Britain will not be ‘cowed’ by terrorism after Westminster attack, Theresa May says

Jon Stone
‘While the public should remain utterly vigilant, they should not – and will not – be cowed by this threat,’ Ms May told MPs

Britain will not be “cowed” by the threat of terrorism in its cities, the Prime Minister has said, following an attack on Parliament in which four people died.

In tributes in the House of Commons this morning Theresa May said the attacker, who has since been named as Khalid Masood, 52, “did not succeed” in getting past Parliament’s gates and that police did their job “heroically”.

“We know the threat from Islamist terrorism is very real. But while the public should remain utterly vigilant, they should not – and will not – be cowed by this threat,” the Prime Minister told MPs.

She said the act of terrorism had “tried to silence our democracy”, but pledged: “We are not afraid and our resolve will never waver in the face of terrorism”.

She continued: “The greatest response lies not in the words of politicians, but in the everyday actions of ordinary people. For beyond these walls today, in scenes repeated in towns and cities across the country, millions of people are going about their days and getting on with their lives”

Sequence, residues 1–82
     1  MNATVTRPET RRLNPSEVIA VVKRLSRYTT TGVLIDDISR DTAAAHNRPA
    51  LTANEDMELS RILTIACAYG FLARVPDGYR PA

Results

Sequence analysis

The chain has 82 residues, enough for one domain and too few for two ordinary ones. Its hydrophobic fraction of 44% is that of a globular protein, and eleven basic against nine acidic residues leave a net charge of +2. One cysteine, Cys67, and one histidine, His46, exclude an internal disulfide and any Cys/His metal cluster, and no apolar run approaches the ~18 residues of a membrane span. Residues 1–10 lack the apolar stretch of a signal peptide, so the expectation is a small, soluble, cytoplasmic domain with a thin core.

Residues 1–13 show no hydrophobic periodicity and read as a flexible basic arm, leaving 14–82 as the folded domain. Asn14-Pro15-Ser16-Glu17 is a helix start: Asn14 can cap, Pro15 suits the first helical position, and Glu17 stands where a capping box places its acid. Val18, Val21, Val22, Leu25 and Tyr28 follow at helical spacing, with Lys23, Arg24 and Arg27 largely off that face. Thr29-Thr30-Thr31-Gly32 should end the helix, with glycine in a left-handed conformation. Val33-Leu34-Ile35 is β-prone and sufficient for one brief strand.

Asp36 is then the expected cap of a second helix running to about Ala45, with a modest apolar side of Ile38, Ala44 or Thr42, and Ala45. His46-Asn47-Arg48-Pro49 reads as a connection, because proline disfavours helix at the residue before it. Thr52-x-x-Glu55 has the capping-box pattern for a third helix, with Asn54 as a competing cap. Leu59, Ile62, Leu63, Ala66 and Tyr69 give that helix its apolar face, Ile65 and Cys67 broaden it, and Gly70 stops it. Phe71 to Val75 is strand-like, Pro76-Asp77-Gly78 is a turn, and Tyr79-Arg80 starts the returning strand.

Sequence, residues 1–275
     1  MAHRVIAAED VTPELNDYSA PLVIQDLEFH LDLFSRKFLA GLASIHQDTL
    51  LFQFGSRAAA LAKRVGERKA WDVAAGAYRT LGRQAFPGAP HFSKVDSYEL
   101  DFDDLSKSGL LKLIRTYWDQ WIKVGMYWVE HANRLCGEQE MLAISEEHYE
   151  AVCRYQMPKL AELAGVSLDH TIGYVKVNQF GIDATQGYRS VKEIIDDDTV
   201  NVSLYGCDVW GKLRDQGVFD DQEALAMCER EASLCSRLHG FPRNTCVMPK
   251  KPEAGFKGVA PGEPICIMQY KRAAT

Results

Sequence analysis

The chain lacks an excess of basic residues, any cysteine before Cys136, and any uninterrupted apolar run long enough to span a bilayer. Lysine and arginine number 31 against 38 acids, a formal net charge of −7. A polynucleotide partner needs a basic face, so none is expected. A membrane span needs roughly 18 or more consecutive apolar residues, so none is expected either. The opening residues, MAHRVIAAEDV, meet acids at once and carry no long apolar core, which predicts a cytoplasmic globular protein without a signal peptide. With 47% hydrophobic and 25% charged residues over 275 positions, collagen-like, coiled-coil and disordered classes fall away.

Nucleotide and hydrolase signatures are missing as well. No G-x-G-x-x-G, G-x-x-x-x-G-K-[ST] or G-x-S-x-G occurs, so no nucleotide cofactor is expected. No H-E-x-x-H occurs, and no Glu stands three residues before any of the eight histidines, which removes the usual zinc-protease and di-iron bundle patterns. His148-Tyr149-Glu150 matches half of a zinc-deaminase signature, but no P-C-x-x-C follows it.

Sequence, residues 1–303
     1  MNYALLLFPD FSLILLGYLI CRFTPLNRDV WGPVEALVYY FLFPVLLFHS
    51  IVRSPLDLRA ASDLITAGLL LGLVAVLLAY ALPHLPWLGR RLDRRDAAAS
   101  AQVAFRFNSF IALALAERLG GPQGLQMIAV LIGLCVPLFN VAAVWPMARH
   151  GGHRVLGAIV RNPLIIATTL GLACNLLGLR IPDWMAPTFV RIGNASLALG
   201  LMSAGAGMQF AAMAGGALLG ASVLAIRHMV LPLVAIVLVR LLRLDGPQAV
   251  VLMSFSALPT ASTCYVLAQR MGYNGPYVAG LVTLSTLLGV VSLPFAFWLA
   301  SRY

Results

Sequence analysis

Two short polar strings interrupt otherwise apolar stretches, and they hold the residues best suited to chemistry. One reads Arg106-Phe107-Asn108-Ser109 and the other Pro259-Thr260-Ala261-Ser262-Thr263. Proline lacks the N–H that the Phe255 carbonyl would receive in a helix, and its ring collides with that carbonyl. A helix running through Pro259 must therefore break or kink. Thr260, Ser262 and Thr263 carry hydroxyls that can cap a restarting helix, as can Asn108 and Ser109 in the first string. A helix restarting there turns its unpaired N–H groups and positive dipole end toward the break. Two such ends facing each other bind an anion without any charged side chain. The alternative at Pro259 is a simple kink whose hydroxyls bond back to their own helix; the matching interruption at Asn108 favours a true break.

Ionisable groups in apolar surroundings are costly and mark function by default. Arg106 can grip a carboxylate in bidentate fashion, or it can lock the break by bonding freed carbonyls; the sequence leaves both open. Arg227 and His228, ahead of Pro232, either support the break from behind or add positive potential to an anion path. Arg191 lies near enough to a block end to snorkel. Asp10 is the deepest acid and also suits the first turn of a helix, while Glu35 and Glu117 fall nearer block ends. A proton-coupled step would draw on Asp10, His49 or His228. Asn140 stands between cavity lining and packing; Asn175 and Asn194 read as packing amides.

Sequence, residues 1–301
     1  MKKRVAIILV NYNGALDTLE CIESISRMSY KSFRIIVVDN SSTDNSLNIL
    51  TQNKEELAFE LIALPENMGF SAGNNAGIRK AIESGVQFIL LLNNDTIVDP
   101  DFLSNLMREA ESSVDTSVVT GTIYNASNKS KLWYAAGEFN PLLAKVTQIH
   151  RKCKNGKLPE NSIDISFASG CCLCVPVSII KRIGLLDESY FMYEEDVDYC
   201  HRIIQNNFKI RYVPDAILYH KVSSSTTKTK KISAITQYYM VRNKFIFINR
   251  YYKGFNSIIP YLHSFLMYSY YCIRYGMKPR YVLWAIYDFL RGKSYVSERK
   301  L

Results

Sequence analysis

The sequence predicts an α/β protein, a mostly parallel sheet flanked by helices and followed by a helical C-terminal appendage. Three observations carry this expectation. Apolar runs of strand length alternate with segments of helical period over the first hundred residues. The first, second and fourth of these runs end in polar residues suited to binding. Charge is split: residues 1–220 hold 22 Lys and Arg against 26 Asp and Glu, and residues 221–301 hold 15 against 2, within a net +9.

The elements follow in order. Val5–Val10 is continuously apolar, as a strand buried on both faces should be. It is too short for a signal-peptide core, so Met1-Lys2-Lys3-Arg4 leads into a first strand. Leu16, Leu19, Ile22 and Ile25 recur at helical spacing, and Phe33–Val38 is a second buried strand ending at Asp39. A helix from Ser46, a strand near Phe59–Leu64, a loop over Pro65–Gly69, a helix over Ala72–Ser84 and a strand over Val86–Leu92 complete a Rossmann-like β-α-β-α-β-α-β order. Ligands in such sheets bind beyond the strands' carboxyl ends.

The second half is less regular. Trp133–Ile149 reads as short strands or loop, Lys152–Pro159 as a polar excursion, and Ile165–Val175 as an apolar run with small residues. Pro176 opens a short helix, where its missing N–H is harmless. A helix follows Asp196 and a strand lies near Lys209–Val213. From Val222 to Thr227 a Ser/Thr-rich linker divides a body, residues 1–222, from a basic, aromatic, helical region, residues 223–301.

Labour leader Jeremy Corbyn thanked public servants for their work respond to the attack, and in particular noted a Conservative MP who had gone beyond the call of duty.

“As the Prime Minister said, when dangerous and violent incidents take place, we all instinctively run away from them, for our own safety,” he said.

“The police and emergency services run towards them. We are grateful for the public service yesterday, today and every day that they pull on their uniforms to protect us all.

“I want to express our admiration to [Tobias Ellwood], whose efforts yesterday deserve special commendation. He used his skills to try to save life.”

Mr Corbyn also paid tribute to Keith Palmer, the police officer who was stabbed dead in the attack, and to the police and security services who “keep us safe every day” on the Parliamentary estate.

He also echoed similar sentiments to the Prime Minister, arguing that the UK must not allow “fear or the voices of hatred to divide or cower us”.

PC Palmer, the slain police officer served as a reservist from August 1987 to August 2001, leaving as a bombardier, and had 15 years of service in the police.

Conservative MP James Cleverly, who had met the Pc 25 years ago as part of Battery 100 Regiment, Royal Artillery, paid a tearful tribute to his late comrade.

“He was a strong, professional public servant and it was a delight to meet him again only a few months after being elected,” he said.

Four people including the suspected attacker and a police officer died in Wednesday’s attack. At least 40 others were injured in the attack, with seven reported to be in a critical condition.

Police have arrested eight people in raids, and have said the attacker was British, known to the security services, but not “part of the current intelligence picture”.